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Title: Adaptive engine injection for emissions reduction

Abstract

NOx and soot emissions from internal combustion engines, and in particular compression ignition (diesel) engines, are reduced by varying fuel injection timing, fuel injection pressure, and injected fuel volume between low and greater engine loads. At low loads, fuel is injected during one or more low-pressure injections occurring at low injection pressures between the start of the intake stroke and approximately 40 degrees before top dead center during the compression stroke. At higher loads, similar injections are used early in each combustion cycle, in addition to later injections which preferably occur between about 90 degrees before top dead center during the compression stroke, and about 90 degrees after top dead center during the expansion stroke (and which most preferably begin at or closely adjacent the end of the compression stroke). These later injections have higher injection pressure, and also lower injected fuel volume, than the earlier injections.

Inventors:
 [1]
  1. (Madison, WI): Sun, Yong (Madison, WI)
Issue Date:
Research Org.:
Univ. of Wisconsin, Madison, WI (United States)
Sponsoring Org.:
USDOE
OSTI Identifier:
985713
Patent Number(s):
7464690
Application Number:
11/754,402
Assignee:
Wisconsin Alumni Research Foundation (Madison, WI)
Patent Classifications (CPCs):
F - MECHANICAL ENGINEERING F02 - COMBUSTION ENGINES F02D - CONTROLLING COMBUSTION ENGINES
F - MECHANICAL ENGINEERING F02 - COMBUSTION ENGINES F02M - SUPPLYING COMBUSTION ENGINES IN GENERAL WITH COMBUSTIBLE MIXTURES OR CONSTITUENTS THEREOF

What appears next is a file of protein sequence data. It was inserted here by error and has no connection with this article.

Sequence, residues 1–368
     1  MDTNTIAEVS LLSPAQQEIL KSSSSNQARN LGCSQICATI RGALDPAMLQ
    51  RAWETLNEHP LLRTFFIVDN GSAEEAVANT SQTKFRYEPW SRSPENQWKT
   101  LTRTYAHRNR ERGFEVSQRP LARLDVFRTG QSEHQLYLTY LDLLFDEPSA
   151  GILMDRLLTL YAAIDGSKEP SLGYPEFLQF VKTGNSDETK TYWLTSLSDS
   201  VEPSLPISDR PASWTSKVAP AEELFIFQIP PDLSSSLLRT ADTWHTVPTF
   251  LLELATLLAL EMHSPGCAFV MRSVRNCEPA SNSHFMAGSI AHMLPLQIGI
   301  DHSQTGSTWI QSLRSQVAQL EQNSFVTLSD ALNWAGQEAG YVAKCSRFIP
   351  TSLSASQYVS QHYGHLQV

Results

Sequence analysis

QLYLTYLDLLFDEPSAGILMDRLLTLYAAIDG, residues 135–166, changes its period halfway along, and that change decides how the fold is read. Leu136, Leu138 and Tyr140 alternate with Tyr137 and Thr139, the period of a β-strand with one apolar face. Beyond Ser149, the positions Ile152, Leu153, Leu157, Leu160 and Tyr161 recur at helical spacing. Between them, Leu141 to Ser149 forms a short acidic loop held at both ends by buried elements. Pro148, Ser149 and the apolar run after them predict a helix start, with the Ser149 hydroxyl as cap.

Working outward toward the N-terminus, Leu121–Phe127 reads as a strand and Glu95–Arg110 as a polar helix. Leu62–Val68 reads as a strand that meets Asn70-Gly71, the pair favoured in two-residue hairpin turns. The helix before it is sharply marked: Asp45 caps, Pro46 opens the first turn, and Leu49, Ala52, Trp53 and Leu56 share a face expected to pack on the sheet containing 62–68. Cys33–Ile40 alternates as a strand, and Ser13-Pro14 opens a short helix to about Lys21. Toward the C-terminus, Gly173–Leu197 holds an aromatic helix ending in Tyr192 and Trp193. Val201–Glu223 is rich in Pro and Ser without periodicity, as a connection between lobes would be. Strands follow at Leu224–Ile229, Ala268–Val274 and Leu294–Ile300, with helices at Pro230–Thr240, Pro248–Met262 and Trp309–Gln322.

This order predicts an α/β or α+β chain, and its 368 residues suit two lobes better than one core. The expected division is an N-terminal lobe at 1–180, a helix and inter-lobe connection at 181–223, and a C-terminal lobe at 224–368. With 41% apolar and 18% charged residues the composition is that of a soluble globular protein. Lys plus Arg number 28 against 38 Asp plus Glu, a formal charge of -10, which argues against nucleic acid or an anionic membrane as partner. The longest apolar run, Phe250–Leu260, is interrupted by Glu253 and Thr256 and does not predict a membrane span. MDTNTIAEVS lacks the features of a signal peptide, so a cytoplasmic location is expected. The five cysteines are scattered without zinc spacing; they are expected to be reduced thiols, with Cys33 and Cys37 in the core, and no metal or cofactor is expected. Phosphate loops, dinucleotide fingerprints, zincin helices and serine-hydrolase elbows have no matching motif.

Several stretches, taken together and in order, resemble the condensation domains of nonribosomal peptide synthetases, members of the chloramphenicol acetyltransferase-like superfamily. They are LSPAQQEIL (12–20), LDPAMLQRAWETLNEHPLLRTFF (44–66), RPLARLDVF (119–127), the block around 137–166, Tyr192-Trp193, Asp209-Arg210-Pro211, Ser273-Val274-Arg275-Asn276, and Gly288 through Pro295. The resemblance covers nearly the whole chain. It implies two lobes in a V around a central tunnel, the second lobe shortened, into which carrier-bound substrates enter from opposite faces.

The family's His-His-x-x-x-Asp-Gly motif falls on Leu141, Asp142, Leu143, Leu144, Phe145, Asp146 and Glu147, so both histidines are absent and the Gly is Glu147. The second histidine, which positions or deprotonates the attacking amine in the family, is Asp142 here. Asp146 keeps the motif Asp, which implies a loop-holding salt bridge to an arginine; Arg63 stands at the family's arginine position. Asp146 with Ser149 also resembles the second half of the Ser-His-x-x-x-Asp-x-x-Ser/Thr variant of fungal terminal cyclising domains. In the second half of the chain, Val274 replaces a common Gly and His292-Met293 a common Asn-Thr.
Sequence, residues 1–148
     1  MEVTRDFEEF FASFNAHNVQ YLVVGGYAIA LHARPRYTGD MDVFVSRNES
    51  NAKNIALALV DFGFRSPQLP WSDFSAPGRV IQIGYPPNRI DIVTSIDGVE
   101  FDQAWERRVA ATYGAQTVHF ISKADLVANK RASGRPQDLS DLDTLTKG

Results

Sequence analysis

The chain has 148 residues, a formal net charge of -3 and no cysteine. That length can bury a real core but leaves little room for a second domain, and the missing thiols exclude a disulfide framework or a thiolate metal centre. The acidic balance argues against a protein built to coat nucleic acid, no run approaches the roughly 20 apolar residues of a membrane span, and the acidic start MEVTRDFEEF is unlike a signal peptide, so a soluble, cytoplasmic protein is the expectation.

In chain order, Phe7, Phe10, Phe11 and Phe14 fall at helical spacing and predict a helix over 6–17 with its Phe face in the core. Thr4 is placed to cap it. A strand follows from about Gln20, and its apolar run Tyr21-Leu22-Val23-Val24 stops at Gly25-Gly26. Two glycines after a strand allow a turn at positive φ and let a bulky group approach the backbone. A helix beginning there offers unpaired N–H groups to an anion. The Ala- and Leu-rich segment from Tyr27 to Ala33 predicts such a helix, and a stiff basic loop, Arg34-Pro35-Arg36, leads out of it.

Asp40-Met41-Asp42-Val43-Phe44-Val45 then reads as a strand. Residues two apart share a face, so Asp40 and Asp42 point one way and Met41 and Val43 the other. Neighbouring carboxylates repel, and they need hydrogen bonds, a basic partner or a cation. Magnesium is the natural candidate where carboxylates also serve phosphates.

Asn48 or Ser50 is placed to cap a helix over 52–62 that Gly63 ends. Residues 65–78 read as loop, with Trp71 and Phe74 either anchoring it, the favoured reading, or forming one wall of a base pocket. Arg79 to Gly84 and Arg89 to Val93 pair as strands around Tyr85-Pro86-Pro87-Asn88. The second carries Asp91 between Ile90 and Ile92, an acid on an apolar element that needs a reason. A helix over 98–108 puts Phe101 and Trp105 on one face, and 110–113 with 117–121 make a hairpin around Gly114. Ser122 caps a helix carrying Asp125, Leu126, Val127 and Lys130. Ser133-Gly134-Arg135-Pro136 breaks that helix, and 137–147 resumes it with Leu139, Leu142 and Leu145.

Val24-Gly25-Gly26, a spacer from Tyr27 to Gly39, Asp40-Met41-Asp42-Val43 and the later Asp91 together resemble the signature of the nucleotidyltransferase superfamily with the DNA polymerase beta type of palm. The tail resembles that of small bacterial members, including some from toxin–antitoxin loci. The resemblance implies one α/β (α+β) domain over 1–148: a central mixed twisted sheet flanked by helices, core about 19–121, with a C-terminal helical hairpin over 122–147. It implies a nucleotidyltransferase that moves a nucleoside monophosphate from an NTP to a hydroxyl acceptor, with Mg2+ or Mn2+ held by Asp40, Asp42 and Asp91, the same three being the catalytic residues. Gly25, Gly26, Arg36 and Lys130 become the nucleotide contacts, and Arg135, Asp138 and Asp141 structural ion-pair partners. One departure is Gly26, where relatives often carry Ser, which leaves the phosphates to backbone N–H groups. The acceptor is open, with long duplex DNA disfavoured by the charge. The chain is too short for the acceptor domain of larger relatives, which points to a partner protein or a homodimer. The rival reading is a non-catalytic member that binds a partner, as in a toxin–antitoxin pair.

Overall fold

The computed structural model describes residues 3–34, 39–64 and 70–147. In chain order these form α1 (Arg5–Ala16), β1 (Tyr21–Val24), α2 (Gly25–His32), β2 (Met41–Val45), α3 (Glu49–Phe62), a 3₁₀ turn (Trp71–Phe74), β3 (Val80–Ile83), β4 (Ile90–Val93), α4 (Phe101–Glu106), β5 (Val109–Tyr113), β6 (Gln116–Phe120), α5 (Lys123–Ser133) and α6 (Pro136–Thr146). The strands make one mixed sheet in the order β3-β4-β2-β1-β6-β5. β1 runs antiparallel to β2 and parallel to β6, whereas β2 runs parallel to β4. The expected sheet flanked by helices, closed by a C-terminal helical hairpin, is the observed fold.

DOE Contract Number:  
FC26-06NT42628
Resource Type:
Patent
Country of Publication:
United States
Language:
English
Subject:
33 ADVANCED PROPULSION SYSTEMS

Citation Formats

Reitz, Rolf D. Adaptive engine injection for emissions reduction. United States: N. p., 2008. Web.
Reitz, Rolf D. Adaptive engine injection for emissions reduction. United States.
Reitz, Rolf D. Tue . "Adaptive engine injection for emissions reduction". United States. https://www.osti.gov/servlets/purl/985713.
@article{osti_985713,
title = {Adaptive engine injection for emissions reduction},
author = {Reitz, Rolf D.},
abstractNote = {NOx and soot emissions from internal combustion engines, and in particular compression ignition (diesel) engines, are reduced by varying fuel injection timing, fuel injection pressure, and injected fuel volume between low and greater engine loads. At low loads, fuel is injected during one or more low-pressure injections occurring at low injection pressures between the start of the intake stroke and approximately 40 degrees before top dead center during the compression stroke. At higher loads, similar injections are used early in each combustion cycle, in addition to later injections which preferably occur between about 90 degrees before top dead center during the compression stroke, and about 90 degrees after top dead center during the expansion stroke (and which most preferably begin at or closely adjacent the end of the compression stroke). These later injections have higher injection pressure, and also lower injected fuel volume, than the earlier injections.},
doi = {},
journal = {},
number = ,
volume = ,
place = {United States},
year = {2008},
month = {12}
}

Works referenced in this record:

Six-Mode Cycle Evaluation of the Effect of EGR and Multiple Injections on Particulate and NOx Emissions from a D.I. Diesel Engine
conference, February 1996


Reducing Particulate and NOx Using Multiple Injections and EGR in a D.I. Diesel
conference, February 1995


Reducing Particulate and NOx Emissions by Using Multiple Injections in a Heavy Duty D.I. Diesel Engine
conference, March 1994


Effect of Fuel Injection Rate Control on Reduction of Emissions and Fuel Consumption in a Heavy Duty DI Diesel Engine
conference, April 2005